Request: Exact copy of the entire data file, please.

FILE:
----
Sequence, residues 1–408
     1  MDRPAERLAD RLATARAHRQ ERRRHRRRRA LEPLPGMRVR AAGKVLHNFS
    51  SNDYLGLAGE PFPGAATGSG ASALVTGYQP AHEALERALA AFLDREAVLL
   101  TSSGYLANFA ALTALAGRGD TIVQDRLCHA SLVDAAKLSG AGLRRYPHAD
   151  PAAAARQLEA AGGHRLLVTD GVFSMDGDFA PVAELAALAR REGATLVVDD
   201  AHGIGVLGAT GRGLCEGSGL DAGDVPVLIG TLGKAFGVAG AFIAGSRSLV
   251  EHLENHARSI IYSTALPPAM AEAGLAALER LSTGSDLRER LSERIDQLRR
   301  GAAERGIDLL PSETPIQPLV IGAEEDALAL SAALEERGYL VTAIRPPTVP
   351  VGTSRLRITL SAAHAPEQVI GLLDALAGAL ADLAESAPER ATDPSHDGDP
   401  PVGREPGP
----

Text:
Sequence, residues 1–408
     1  MDRPAERLAD RLATARAHRQ ERRRHRRRRA LEPLPGMRVR AAGKVLHNFS
    51  SNDYLGLAGE PFPGAATGSG ASALVTGYQP AHEALERALA AFLDREAVLL
   101  TSSGYLANFA ALTALAGRGD TIVQDRLCHA SLVDAAKLSG AGLRRYPHAD
   151  PAAAARQLEA AGGHRLLVTD GVFSMDGDFA PVAELAALAR REGATLVVDD
   201  AHGIGVLGAT GRGLCEGSGL DAGDVPVLIG TLGKAFGVAG AFIAGSRSLV
   251  EHLENHARSI IYSTALPPAM AEAGLAALER LSTGSDLRER LSERIDQLRR
   301  GAAERGIDLL PSETPIQPLV IGAEEDALAL SAALEERGYL VTAIRPPTVP
   351  VGTSRLRITL SAAHAPEQVI GLLDALAGAL ADLAESAPER ATDPSHDGDP
   401  PVGREPGP